Trading: Is It Worth Its Time?

There are many stories of success in trading, as well as many failures. That’s what trading has in common with most businesses. But, admitting that you may fail, are you ready to spend your time learning CFD trading commodities, open and closed positions, margin calls and support calls, and stuff? The shortest answer is: it depends on how you spend it. Even a loss won’t be a loss if you gain something from it; that’s the attitude you need.

Time to Invest (Spoiler: a Lot of Time)

It is no secret that most traders rush in without proper preparation. They are either too much encouraged by their success on the demo platform or just take it too easily. It results in discouraging stats. Some brokers are fair enough to warn the newcomers that about 80% of traders on their platforms (we guess, a little more) end up losing all the money they have invested.

To avoid this sad final, one must do one of these things:

  • Take trading as a science or an art. Any art (as well as any science) requires a solid bit of learning. You cannot directly observe successful traders doing their job, but you can learn from the basics. Terms, the most common situations, demo platform possibilities, books, and articles by pros with a good reputation (google them to check).
  • Take trading as pure gambling. This approach will rather lead to losing your money. But if you’re in it for kicks, you will get enough of them. You don’t have to take the game too seriously.

Despite being opposite, these two approaches have a lot in common. They both assume you’re fully invested in terms of your time and attention – you enjoy the process, regardless of whether it’s a business or a game. Another common thing is to invest just the amount you’re not afraid to lose – to spend on entertainment or to lose during learning. And, of course, an ability to stop not to keep losing, no matter if it’s a calculated or a visceral decision. Anyway, you will have a good time, if you don’t feel entitled to win and earn.

Majorities and Exceptions

While four out of five traders fail, there is a question arising: where did they go wrong? There are certain mistakes that many losers share, and many of them are rather a matter of attitude than a miscalculation.

  • Jumping in without a plan (or a strategy). Well, no one prompts you to have one. But take your demo time to select which currency pairs or other commodities are the easiest for you to predict. Learn which positions are the best for your lifestyle, especially if it’s nocturnal or chaotic. There are typical strategies one should learn before entering – maybe there is one that suits your life philosophy and manner.
  • Not doing research (doesn’t apply if you’re in it to gamble). The information is provided for free (except for paid signals, but it’s the next level). As a complete beginner, one needs to absorb as much knowledge as possible.
  • Relying on inside information too much. The big news can always be seen on TV, in newspapers, on web portals, and even on social media. Any big event impacts society and thus the currencies that circulate in it. If, for example, a calamity hits the European economy but spares the American, no wonder the euro will go down, USD being the base currency (know what it means?) It can impact any currency in the world. The lower the spreads (again, what’s that?), the more importance should be given even to minor impacts. So, watch the news and grow into an analytic!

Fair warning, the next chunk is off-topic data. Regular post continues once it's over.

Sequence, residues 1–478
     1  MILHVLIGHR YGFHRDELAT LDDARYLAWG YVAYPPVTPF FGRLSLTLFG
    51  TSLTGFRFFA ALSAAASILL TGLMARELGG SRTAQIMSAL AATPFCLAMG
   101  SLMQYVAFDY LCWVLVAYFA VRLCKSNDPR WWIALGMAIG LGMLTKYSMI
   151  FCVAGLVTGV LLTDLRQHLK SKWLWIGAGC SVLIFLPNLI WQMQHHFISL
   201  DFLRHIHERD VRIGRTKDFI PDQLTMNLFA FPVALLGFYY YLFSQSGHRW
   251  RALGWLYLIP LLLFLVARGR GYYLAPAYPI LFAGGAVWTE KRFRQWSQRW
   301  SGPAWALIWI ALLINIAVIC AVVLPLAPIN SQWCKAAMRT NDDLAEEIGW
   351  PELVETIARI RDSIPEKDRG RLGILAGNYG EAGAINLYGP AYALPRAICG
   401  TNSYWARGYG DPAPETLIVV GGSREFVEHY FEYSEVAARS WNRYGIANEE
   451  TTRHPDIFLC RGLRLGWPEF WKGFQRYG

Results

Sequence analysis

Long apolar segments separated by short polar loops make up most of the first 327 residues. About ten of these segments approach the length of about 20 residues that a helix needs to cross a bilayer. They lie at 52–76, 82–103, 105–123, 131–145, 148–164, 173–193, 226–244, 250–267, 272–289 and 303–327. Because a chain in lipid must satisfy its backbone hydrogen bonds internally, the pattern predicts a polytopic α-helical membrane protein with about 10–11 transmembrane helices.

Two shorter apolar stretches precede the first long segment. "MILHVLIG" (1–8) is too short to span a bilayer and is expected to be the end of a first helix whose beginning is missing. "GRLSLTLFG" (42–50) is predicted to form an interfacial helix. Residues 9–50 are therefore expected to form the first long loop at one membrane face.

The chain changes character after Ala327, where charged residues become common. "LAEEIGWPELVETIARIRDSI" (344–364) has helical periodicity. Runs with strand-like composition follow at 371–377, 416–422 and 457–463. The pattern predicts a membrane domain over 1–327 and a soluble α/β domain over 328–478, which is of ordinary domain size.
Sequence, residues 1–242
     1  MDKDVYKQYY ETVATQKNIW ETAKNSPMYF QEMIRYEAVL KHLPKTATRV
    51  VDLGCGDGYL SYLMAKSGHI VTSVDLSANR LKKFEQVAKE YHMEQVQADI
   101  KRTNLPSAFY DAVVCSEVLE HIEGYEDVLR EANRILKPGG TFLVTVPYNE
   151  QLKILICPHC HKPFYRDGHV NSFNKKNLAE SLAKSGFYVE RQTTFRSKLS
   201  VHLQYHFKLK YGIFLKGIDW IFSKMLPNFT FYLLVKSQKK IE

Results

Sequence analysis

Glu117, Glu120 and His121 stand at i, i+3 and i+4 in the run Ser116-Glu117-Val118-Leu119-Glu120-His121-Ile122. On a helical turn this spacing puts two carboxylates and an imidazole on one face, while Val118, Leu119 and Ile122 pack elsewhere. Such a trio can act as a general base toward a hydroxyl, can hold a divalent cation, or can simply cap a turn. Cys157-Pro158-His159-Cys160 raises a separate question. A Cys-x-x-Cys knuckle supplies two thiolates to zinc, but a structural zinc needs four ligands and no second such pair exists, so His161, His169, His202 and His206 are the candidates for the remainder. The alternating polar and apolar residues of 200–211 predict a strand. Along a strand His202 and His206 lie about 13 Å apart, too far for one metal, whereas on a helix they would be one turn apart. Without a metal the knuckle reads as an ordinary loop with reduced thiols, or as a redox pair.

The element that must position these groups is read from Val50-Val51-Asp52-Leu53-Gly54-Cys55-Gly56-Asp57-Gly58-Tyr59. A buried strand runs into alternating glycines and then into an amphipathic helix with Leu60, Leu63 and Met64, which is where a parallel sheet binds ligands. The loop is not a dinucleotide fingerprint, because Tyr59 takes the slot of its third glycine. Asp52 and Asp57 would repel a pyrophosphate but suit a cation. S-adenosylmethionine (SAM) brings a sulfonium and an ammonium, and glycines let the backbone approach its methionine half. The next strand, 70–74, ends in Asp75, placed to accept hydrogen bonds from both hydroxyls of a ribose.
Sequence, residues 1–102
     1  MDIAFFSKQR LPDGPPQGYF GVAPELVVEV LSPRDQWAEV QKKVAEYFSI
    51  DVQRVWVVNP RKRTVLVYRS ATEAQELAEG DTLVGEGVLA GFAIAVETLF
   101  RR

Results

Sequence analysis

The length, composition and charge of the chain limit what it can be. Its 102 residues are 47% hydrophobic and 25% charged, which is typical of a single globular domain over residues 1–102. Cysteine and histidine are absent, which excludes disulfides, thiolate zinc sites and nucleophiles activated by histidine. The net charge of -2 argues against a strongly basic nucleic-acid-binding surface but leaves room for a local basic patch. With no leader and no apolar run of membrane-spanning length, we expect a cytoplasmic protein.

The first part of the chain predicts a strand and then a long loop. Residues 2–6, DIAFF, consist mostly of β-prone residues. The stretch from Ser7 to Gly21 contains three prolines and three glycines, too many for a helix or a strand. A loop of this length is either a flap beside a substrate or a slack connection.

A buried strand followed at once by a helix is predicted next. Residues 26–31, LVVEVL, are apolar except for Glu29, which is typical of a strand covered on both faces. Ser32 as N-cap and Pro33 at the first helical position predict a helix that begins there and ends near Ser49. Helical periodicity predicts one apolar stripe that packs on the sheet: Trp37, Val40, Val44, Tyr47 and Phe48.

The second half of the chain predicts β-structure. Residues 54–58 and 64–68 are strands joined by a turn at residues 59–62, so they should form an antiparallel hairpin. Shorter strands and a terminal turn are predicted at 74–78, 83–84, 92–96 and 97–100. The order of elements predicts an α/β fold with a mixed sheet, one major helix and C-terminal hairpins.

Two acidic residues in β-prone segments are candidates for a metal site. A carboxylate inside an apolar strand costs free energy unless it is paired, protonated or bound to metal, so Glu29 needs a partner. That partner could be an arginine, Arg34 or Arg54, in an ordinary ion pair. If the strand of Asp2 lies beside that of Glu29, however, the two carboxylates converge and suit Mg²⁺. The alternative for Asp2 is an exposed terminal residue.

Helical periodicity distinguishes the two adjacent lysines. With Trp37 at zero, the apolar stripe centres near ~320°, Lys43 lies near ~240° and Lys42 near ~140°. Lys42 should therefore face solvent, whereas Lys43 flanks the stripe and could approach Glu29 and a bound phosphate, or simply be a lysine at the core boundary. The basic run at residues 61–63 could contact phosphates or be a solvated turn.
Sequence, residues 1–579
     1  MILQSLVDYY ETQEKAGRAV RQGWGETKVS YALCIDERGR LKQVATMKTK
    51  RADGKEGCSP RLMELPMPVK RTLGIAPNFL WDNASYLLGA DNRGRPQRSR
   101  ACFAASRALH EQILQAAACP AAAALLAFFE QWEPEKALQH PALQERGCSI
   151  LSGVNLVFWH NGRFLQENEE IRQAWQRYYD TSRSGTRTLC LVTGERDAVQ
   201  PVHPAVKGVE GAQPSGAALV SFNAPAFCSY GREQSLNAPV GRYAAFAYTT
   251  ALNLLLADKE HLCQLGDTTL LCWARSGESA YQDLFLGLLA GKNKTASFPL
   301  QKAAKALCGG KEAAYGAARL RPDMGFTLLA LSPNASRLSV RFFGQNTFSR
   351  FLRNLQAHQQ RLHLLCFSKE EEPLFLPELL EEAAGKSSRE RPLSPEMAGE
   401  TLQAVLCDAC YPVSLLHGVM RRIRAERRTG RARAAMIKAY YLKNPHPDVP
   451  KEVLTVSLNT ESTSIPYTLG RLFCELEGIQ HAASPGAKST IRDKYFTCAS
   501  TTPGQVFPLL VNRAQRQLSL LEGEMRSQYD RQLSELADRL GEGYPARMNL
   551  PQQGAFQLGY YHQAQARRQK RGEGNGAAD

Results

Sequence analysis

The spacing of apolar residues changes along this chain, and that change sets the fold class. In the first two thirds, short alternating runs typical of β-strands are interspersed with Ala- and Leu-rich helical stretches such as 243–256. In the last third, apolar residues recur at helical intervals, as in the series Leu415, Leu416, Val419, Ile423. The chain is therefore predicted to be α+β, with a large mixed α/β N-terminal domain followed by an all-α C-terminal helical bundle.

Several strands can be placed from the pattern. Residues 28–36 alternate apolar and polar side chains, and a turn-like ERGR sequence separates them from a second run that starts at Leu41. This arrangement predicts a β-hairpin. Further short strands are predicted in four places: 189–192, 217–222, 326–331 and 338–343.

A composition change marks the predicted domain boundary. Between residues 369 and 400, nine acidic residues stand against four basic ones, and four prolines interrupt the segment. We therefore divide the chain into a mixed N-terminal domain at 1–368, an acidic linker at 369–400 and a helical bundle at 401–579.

• Hurrying to catch a quick profit. If you see your assets on the rise, you may feel tempted to jump out with a small catch. But if you had waited a bit more, your profit would have been much higher. Imagine a guy who cold his Bitcoins when the rate was $50. Don’t cosplay him.
  • Holding on to old hopes. We have already mentioned that one of the hardest arts to master is to know when to quit. Otherwise, you may go deeper and deeper into losses, expecting the revitalization in vain. Some of the dead don’t rise.

Avoiding these mistakes takes more than just being aware, of course. It takes some qualities that you may already have or work hard to develop. And here we proceed to another sort of profit.

Side Effects and Benefits

If you want to ride the charts, you need to learn (no tautology). It’s hard to name a domain where it’s not demanded. And if you are not a student anymore, being a person of far-from-school age, your brain will benefit from this practice.

Another thing you can develop in trading is intuition. When you feel visceral that it’s time to open or close positions, and intuition tells you which positions to look at, this is mostly worth your attention. This irrational way of knowledge is hard to overrate, though it’s not always and fully right.

Finally, you may need to overcome your fears of risks, of trying something new, of losing money, of making plans – whatever psychological issues stand in your way. Here is the moment to work it out: therapy may be recommended, but a prayer or even a sheet of paper with two columns may do the work. Even if you give up trading soon after, these achievements will remain.

The Bell

The time is up, and the brief conclusion is: yes, trading is worth its time if you are ready to spend it wisely, take losses as lessons, and think before you bid. But it takes much longer to master the art of trading if you want to be in it seriously. No quick victory is granted.

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